Originally Posted by James R. Geib
Some didn't read for comprehension! My point was, for TWENTY THREE YEARS, studios released films on Laserdisc, despite other POPULAR formats being available, a la VHS and ultimately DVD.
I see no reason to think HD-DVD won't be around for a long time, and if it proves viable for two major studios, and stand alone players continue to sell, it would only be prudent for other studios to release HD-DVD once standard DVD sales begin to fall. As we all know, conversion of standard DVD manufacturing to HD-DVD is a simple thing to do.
HD-DVD will be a thorn in BetaRay's side for quite some time. You naysayers can bet on it.
P.S. There are more than two movie studios supporting HD-DVD.
The market dynamics have changes since the launch of Laserdisc & VHS. When LD were introduced into the market, collecting movies to own was in it's infancy. During the 80's renting VHS was the standard, while buying LD's was establish as a niche market. Both VHS & Laserdiscs were a ancillary market that added to the studio bottom line, which was primarily derived from theatrical revenues.
Shift to the early '90's... VHS started to become a sell through format, while LD's chugged along as the ancillary market. Most importantly, the studios began to rely on the home video market for most of their profits, since their production budgets began to spiral out of control, negating most of their revenue from theatrical releases. (Please note that all the while until around 1993, Paramount kept announcing a limited amount of Beta releases... I remember Tommy Boy actually being promoted... But what company actually stocked this title on Beta.)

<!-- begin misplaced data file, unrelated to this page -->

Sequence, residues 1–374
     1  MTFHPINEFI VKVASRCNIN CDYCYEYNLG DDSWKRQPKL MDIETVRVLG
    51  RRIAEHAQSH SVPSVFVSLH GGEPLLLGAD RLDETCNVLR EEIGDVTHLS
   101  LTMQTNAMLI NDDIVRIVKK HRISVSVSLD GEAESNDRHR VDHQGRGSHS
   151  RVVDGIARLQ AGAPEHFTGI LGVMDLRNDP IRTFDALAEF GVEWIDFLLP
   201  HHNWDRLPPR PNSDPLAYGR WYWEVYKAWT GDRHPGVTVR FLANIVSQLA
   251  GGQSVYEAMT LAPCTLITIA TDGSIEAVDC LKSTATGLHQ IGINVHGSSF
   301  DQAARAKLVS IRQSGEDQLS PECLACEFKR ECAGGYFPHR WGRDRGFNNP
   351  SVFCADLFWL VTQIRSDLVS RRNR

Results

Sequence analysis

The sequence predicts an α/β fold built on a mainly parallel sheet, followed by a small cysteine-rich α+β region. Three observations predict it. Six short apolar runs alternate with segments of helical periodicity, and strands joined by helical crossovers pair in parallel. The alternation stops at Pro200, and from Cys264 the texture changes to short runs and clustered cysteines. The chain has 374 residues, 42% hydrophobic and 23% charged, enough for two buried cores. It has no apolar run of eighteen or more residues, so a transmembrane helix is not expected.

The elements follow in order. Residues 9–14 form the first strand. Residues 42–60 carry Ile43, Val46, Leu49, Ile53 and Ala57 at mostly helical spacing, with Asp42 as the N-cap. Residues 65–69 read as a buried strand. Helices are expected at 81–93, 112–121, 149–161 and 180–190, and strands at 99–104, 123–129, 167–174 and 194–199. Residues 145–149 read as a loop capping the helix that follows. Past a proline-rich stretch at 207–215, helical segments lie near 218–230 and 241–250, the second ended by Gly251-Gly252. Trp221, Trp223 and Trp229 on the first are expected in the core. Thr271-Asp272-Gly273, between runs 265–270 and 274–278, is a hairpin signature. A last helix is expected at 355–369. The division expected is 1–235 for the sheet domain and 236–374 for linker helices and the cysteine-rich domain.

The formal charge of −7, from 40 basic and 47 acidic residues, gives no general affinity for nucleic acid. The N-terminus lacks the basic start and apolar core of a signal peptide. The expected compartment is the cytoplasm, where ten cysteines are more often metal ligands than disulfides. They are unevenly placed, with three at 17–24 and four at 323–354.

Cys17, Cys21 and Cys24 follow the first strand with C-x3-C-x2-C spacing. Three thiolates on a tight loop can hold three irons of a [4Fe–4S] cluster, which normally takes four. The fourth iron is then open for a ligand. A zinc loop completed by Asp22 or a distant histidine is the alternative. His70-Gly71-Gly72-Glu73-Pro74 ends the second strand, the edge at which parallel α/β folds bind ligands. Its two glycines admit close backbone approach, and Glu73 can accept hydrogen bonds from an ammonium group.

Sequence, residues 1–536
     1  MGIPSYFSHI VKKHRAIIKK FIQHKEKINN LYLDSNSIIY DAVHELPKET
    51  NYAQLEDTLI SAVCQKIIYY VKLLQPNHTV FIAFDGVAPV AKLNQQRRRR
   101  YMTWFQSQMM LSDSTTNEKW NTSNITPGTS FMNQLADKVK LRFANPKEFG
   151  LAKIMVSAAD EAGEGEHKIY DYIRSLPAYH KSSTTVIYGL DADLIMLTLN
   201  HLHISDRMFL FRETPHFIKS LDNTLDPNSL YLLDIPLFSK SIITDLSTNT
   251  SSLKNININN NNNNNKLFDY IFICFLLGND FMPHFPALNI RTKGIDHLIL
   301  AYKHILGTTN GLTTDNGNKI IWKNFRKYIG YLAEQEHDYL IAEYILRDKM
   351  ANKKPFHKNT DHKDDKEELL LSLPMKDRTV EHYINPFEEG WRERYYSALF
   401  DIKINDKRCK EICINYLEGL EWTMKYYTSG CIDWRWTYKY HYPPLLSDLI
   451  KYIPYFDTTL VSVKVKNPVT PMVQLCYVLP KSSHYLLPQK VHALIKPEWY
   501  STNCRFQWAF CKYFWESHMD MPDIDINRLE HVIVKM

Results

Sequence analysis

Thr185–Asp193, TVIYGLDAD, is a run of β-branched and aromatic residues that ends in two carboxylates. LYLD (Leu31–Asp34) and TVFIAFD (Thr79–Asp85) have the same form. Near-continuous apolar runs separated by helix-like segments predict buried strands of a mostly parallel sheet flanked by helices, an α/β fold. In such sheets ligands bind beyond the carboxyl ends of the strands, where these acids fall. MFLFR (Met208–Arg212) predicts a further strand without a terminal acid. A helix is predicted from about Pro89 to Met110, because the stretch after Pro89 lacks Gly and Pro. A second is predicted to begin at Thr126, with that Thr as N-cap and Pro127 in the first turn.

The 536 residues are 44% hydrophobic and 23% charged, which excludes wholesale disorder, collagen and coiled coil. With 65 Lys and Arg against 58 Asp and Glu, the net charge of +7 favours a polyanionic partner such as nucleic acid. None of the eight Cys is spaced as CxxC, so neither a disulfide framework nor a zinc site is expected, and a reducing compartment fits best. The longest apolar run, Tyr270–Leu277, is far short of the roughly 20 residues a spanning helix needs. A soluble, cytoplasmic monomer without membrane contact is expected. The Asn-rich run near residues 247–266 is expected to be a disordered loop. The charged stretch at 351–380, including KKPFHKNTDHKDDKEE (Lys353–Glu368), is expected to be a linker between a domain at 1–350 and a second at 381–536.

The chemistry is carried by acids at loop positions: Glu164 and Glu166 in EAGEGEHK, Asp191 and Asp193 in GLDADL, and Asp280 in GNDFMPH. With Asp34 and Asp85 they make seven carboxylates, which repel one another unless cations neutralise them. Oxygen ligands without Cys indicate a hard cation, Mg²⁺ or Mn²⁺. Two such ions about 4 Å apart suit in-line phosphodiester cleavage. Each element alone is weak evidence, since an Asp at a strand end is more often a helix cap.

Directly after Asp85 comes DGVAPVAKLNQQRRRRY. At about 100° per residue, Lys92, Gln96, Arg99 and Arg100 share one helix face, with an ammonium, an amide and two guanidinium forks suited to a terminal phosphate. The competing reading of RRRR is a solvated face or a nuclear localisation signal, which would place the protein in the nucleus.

When DVD was starting to be pushed around 1995, yes two years before the actual launch, VHS revenues were starting to flatten as the format became more of a commodity, and it was time for something new. At the time there were two competing discs formats, one pushed by Sony, the other Toshiba. Eventually cooler heads would prevail and an un-easy compromise for disc structure was made. If I remember correctly, Sony's dual-layer design was incorporated into the specs that Toshiba originally designed, which was only single layer.
1997 comes, and for the first year or so, it's spotty then... Blam! DVD takes off an becomes the standard, destroying both the laserdisc and VHS markets.
Around 2000, and the rumbling about a HD successor to DVD are starting up, Sony (and the nine member BDA) is leading the way with their Blu-ray design, utilizing blue lasers. Then in 2002, at WB's urging, the HD DVD Forum, headed by Toshiba approves a HD successor called AOD. It was based upon using the existing red laser technology, storing HD content at 720P with higher compression... After re-evaluating, the HD DVD forum, without the approval of the BDA members, decides to adopt blue laser technology and Toshiba continues on their separate course, working with the old DVD disc structure.
Things change over the next few years and, in 2005, both sides attempt to come together in the fall of 2005, realizing two formats are not going to fly with the consumer, citing the disaster that was SACD & DVD-Audio. Things blow up at the last minute, wether you want to believe Microsoft was responsible is your choice, and we end up with the mess that were are just now sorting out.
No one wanted this mess, and now that the end can be seen, I'm fairly certain all parties (CE, Retailers and Studios) are going to resolve this silliness by July at the latest. HD DVD will be a non-factor by September when the 4th quarter buying season beings.